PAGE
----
It would be difficult to tell unless we could see the grandfather clock movement.This happens on older clocks that have not been cleaned or oiled in a long time.The chime side isn’t allowing the parts to turn within the movement.A technician should do the cleaning and oiling.There is no fix for this one.Good luck, Robert.

I have a clock with 3 weights, one has a nut on the bottom, the other two look the same, can incorrect weights be the cause of my clock running fast after the pendulum?

The weights should be marked on the bottom of the clock as Left, Center and Right.The heaviest weight should be on the right.The pendulum is more likely if the clock is running fast.Look at the lower diagram of the page.Thependulum on your grandfather’s clock can be found at theclockdepot.com.

The round disk is not following the nut when it is lowered.It could be that the bob is on top of the nut.Someone may have replaced the pendulum with an incorrect length if this is a used clock.

I can’t get my grandfather clock to work.I’ve been trying for over a year.If you can get them between 1 or 2 minutes fast or slow, that is good.Is it a good idea to keep accurate time?

If the pendulum bob is moving quickly up and down the rod, most grandfather clocks are able to keep time.If your clock has an all metal pendulum and is in a place where the temperature is stable, you should be able to get it close.It takes some time.Within a month, I had one where it stayed accurate.The clock needs to be set to the correct time for the second.You can record the discrepancy if you check it again within 24 hours.If you are within a minute, make no more than a quarter of a turn on the nut and reset the time.You can record the discrepancy if you check it again 24 hours later.The pendulum nut should be turned less in the same direction if it is closer.Continue until you are happy.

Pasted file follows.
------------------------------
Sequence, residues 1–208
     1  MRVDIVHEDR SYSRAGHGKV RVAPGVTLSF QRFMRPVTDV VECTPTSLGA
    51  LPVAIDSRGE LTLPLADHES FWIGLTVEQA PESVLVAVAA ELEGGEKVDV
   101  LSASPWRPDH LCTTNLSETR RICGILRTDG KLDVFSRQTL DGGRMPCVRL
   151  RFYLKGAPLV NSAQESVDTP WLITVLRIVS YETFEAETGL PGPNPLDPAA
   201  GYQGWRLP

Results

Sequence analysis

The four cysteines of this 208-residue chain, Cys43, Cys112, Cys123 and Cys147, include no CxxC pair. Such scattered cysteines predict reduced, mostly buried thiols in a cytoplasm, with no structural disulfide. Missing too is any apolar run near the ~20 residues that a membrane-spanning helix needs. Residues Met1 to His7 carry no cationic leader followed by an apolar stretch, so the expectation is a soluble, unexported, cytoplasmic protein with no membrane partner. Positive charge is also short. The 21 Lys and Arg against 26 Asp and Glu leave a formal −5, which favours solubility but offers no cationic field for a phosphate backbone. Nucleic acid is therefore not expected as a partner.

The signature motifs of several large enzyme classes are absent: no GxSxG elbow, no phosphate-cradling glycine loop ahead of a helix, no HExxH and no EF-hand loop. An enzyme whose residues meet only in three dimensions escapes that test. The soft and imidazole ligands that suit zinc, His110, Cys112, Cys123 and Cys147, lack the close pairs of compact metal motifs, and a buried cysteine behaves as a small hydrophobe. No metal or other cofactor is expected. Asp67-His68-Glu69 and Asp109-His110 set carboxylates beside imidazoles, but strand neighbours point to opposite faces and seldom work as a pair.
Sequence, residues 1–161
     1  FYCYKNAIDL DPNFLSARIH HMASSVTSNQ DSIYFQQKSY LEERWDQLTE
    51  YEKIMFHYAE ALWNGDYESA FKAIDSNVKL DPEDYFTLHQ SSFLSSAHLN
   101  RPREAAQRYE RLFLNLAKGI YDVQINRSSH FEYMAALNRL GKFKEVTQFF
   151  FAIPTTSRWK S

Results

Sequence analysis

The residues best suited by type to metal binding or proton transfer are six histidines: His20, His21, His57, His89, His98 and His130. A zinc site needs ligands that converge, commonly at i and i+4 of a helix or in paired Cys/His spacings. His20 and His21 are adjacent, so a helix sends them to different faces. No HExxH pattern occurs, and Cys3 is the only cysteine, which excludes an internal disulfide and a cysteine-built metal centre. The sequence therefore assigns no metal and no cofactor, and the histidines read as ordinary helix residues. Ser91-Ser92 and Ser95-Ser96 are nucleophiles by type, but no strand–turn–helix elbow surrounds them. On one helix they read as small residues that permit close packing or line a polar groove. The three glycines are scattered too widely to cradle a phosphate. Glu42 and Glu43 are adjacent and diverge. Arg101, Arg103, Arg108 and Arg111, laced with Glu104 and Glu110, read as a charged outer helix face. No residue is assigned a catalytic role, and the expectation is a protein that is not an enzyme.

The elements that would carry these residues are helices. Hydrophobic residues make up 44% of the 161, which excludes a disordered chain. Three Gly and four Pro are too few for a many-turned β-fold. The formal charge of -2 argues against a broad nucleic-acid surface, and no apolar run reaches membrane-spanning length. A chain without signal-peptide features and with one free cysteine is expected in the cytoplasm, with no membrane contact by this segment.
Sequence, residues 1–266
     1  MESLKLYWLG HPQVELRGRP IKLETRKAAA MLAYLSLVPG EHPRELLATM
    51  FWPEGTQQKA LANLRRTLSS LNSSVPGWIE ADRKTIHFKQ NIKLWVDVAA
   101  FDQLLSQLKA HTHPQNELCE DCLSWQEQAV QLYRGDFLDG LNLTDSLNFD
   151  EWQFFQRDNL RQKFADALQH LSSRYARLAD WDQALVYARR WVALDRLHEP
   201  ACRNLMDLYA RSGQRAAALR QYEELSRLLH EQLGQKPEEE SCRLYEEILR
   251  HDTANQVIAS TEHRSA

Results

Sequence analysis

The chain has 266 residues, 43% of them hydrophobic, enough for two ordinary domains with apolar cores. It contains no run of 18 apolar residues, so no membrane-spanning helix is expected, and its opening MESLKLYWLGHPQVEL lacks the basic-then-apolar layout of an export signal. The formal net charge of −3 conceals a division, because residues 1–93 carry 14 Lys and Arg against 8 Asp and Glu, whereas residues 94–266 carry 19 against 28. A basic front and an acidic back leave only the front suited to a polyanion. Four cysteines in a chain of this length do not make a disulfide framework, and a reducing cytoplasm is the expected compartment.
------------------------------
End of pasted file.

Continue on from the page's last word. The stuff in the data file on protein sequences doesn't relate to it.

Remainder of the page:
This will improve the accuracy of your clock.Let me know how it goes.

It only took about a month but I think you did a good job.It seems to be having a good time so far.Thank you.

The clock on my cable driven how millerard grandfather clock looses about 20 to 25 seconds every time I wind it.It will catch up by the next day.Is this standard procedure for these types of clocks?

The Colonial of Zeeland Grandfather clock was acquired by me.The chime is 2 minutes faster than the dial.Keeping time accurate.Any ideas?

Never mind.The answer is below, if anyone needs it.You can watch the video.Excellent!The clock does not chime at the proper time.

The clock needs to be oiled and cleaned every 7 years.When old oils get dirty, they become more like glue than oil.It sounds like your hammers are trying to move through the sludge.I bet it would be fine if you got a good cleaning and oiling.

I have a grandfather clock.It has a mechanism that requires the clock to be leveled.The way it keeps time is constantly changing.I have to adjust it again after a few weeks because it slows down or speeds up.What would make this happen?What temperature?The moon?Thanks for any ideas.There is a person named Marilyn.

The nut under the pendulum may be slipping due to stripped thread.It is common for your pendulum stick to be made of wood.The length is changed by temp and humidity.It isn’t the moon.You can replace it with a metal pendulum, but it is less expensive to correct the time once a week.A metal pendulum would take away from the antique value of your wooden pendulum.Good luck!Robert.

My wife and I inherit a handcrafted Mason & Sullivan from my wife’s grandfather.Time is constantly fast and it is very hard to level.The way to last thread is with the nut and pendulum.Bob is moving down.Any thoughts?We have many other wall and mantle clocks as well as 2 Atmos clocks which are amazing.

The pendulum may not be traveling down with the nut as you lower it.If this isn’t the case, I would check to make sure.Good luck…Robert.

The pendulum seems to be hung correctly as the Bob is moving with the nut.What else could it be?

It makes sense that the clock has a wooden pendulum stick.I didn’t think it was the moon, but I suspected the temperature or weather.I enjoy fiddling with the clock and will not replace it.It is a challenge to keep it accurate.Marilyn, best regards.